Before the course, I hadn’t written a TV script before. I had never done a proper redraft. What I got out of the course is learning how to handle notes. I have a routine now where I print off the notes – I’m better if I receive written notes by email. I find it an overload getting them handed to me in the meeting. I print them off, highlight them, make some notes on the notes, any questions I have about them, have the zoom meeting and then transfer the notes into the draft outline in red or something. And then action it from there. This process helps me.



The director should be directing a film rather than shooting a script and there’s a very fine difference between those two things. What the director brings to a piece of television is the ability to transform it in some way into something more than it was on the page. I think there can be occasions where stuff is written in the script and you think… you know that there can be a good moment because you can imagine it clearly on film (a mark of good screenwriting).

For the director it’s all about getting inside the writer’s head. If something is on the screen which is not in the script then generally it’s something which the director has excavated in their own way out of the rest of the script.

The way that that comes across on the screen is really about what is underneath. Intrinsic in the writing in some sort of way. If the director is putting something in which is not in the script, then it’s because it’s come out of the excavation and what is in the writer’s mind and I think good writing always has ghosts in it in some way, it always has things which haunt other pieces of the film and it’s the director’s job to capture those moments and put them into the film in some sort of way.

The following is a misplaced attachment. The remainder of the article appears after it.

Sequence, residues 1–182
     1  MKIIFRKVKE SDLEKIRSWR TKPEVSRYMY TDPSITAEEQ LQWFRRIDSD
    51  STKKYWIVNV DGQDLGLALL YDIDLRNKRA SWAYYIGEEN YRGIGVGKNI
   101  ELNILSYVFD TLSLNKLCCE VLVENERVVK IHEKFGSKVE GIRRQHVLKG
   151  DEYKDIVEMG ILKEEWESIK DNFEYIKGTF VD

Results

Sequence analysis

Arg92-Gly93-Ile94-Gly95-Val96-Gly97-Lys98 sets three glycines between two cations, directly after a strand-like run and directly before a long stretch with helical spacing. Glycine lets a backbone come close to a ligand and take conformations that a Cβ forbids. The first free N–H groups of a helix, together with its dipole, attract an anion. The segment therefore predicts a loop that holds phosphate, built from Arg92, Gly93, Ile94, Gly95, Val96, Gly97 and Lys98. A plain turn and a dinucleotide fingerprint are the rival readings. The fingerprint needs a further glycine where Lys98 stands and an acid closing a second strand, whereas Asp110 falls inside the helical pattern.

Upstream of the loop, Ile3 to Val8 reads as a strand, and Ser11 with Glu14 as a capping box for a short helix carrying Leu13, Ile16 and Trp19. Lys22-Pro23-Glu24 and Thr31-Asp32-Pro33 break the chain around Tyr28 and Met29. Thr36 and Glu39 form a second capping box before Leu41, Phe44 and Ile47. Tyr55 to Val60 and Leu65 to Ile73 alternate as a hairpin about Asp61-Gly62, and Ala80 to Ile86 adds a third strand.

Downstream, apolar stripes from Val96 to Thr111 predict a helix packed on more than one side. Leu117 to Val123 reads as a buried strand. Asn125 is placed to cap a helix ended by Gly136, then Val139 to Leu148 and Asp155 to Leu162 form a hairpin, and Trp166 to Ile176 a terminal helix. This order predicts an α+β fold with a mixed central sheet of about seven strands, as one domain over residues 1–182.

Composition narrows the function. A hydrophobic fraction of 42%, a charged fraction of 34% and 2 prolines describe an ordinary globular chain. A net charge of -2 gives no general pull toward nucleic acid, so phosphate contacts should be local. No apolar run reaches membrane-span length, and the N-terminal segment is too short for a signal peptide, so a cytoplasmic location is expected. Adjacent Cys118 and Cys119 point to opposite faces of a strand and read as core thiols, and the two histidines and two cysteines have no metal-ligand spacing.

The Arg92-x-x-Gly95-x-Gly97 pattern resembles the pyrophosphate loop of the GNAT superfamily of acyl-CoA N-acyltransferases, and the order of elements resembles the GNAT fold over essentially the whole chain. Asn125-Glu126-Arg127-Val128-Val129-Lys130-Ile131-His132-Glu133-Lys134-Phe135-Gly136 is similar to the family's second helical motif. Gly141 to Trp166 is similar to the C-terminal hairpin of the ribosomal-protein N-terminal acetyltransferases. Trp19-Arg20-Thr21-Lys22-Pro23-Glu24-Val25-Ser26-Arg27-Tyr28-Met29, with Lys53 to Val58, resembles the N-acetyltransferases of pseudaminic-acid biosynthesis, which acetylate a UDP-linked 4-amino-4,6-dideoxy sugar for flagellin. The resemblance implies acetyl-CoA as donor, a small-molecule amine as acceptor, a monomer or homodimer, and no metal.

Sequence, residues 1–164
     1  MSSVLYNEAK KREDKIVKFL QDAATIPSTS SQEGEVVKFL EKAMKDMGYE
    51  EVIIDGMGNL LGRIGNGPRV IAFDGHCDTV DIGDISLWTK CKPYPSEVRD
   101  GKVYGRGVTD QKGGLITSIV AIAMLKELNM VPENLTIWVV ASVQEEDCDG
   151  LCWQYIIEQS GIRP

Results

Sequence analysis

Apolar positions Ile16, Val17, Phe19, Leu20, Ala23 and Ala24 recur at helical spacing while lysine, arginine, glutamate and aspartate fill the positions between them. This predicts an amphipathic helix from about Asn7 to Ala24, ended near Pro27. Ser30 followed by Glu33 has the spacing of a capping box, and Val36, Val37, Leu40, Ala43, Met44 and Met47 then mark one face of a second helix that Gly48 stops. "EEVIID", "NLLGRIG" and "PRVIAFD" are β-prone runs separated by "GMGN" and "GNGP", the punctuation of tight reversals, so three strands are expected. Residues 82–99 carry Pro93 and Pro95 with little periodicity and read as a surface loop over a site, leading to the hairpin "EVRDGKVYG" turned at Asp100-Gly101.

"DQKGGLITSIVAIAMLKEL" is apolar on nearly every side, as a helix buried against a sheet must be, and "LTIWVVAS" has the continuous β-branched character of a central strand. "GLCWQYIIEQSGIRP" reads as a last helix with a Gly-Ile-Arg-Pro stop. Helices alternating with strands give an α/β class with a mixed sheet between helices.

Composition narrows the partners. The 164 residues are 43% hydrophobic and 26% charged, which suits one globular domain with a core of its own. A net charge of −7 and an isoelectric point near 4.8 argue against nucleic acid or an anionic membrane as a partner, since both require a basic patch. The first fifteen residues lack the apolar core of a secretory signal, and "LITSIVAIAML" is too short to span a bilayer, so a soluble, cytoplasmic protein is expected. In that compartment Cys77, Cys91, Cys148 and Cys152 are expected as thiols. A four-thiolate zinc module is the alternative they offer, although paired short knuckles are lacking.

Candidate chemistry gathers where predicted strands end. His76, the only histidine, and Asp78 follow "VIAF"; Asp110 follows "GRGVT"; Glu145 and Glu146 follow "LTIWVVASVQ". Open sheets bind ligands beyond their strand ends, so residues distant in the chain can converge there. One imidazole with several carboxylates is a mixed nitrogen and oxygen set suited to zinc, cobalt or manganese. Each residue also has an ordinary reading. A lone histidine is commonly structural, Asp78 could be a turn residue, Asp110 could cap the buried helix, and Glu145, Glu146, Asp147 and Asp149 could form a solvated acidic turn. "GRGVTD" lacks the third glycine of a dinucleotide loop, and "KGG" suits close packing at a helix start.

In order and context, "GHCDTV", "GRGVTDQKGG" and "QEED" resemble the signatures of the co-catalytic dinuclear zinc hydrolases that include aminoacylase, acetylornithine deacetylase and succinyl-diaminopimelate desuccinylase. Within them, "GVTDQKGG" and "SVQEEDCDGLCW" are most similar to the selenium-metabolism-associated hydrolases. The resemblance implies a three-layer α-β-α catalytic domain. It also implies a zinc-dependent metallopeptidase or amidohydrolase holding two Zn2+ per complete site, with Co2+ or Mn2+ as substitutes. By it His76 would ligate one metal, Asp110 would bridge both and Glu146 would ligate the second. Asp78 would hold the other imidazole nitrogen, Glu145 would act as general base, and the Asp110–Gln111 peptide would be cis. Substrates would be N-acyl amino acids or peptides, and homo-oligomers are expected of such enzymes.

I think tone is implicit in the writing. What I find helpful as a director is hearing what drove the writer to write the script and what their concerns were that drove them to write the script. It has to be in the script – but I also think it really helps to know what made you write that. What you think is interesting about it and your feelings about it as well. What you, the writer, want the audience to feel in some sort of way.

When I read a script, I’m looking for something that feels a little bit different. I’m interested in people, what people are going through. I think it helps if it is contemporary. By which I mean its concerns are contemporary. That is not to say that it has to be set in the 21st-century. I am looking for it to echo off something that is probably in the ether in some way.

On top of that, what draws me to it is if I really see a way of doing it which feels fresh. Either within the world that one creates on the screen or within the concerns of the script.

But definitely those unusual and surprising elements. Also something that I feel like I can make as an interesting piece of ‘cinema’ for the small screen. Something that lends itself to being on the screen. And that doesn’t necessarily mean it can’t be wall-to-wall dialogue! They can still have dialogue. I think there are great films with just all dialogue, THE SOCIAL NETWORK for instance. But it is really what that dialogue is concerned with really.

The next newsletter will be on Friday 21st October.

Best wishes





Twitter: @PhilipShelley1

Friday October 7th 2022